Devastated, Serling avowed to himself that he wasn't going to send out this knuckleball comedy of an episode with a well respected actor slowly dying on camera. Still, he was obligated to show CBS something and, after showing the completed episode, told the executives for the network that this wouldn't air as an episode and that it would have to be reshot in its entirety. CBS agreed that the show wasn't funny just not in the same way Serling intended. They seemed to have no problem with the fact that Paul Douglas died shortly after the shoot and they were unwilling to part with the additional money required to reshoot the episode.
            According to Marc Scott Zicree in The Twilight Zone Companion (revised ed. Silman-James, 1989) Serling put $27,000 of his own money on the line to recast, reshoot, and re-edit the entire episode. Director Robert Parrish was brought on for filming duty and actor Jack Warden was brought in to assume the role of Mouth McGarry. The planned airing date of the re-filmed episode was pushed back from December to the following June and the reshoot attempted to be as efficient as possible. Little remained on the cutting room floor and nearly all reshot footage was left in to fill the time length required by the episode.
            Martin Grams, in his book The Twilight Zone: Unlocking the Door to a Television Classic, reprints several unused or alternate intros, outros, and promos that, for one reason or another, were unused in the final cut of episodes. Most of these unused passages are of insignificant variation and are of little interest. Rod Serling's unused promo for "The Mighty Casey," however, is of interest because of the fact the death of actor Paul Douglas necessitated the change. The unused promo is as follows: "Next week we take you into a state of wonderful confusion. The late Mr. Paul Douglas stars in a play we call 'The Mighty Casey.' Bring your imagination as we recount for you the trials and tribulations of a major league ball club called the Hoboken Zephyrs, a put upon manager, and the most fabulous baseball pitcher you'll ever watch in action. Next week on the Twilight Zone, 'The Mighty Casey.'"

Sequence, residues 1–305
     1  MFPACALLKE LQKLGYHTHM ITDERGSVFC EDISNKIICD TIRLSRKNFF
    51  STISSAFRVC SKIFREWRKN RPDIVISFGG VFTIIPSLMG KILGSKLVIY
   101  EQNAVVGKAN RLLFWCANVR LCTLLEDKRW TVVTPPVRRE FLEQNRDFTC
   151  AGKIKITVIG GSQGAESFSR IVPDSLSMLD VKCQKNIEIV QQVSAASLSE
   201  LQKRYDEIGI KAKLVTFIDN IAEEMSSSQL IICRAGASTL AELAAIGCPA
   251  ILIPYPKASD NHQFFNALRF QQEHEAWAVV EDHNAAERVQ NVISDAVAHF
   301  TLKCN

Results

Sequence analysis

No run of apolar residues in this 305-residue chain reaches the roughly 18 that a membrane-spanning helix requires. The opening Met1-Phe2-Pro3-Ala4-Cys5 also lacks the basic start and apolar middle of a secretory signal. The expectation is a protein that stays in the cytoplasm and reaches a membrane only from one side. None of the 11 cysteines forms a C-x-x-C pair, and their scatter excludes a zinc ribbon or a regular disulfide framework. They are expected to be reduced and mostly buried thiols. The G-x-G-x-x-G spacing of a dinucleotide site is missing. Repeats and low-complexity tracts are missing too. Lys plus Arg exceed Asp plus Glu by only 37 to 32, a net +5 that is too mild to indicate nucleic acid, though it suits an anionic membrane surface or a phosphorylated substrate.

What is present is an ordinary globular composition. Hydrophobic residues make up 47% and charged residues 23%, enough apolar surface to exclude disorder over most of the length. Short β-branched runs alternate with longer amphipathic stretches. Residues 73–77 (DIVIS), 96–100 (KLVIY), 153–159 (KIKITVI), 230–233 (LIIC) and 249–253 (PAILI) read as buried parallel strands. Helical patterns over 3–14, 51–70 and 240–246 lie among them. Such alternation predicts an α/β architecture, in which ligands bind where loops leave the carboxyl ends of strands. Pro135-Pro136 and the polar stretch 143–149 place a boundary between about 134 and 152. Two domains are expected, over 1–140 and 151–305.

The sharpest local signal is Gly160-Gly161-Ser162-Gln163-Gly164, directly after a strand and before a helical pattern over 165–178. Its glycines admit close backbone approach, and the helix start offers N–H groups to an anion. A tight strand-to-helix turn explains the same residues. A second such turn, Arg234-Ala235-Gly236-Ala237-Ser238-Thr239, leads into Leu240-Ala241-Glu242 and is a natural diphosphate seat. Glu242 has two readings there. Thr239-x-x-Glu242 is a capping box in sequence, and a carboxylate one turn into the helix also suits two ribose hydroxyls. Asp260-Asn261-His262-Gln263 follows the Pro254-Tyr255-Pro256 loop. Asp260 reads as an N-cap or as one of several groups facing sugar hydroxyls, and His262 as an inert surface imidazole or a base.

The result of Serling taking the initiative to fund the reshoot from his own money was that CBS would forever after had their eyes glued to the financial books and constantly pressure Rod Serling about the budget for the series, a problem that the creator of the show often spoke about in a negative way.
            It would have been difficult for an episode with a fantastic script to come out of the other side of the catastrophe that was the production of "The Mighty Casey" with any semblance of its initial impact or resonance much less an episode that purported to be humorous but came off only as, at best, amusing. By all indications, "The Mighty Casey" was a bad episode with Paul Douglas in the lead role and Alvin Ganzer behind the camera. With an under budgeted, rushed, and poorly edited reshoot, the episode comes off simply as an unfunny, uninteresting blemish on the face of a show generally held to an exacting, high standard. It is perhaps because of the unfortunate events that characterized its production that "The Mighty Casey" has not simply been forgotten altogether.

Grade: F

Notes: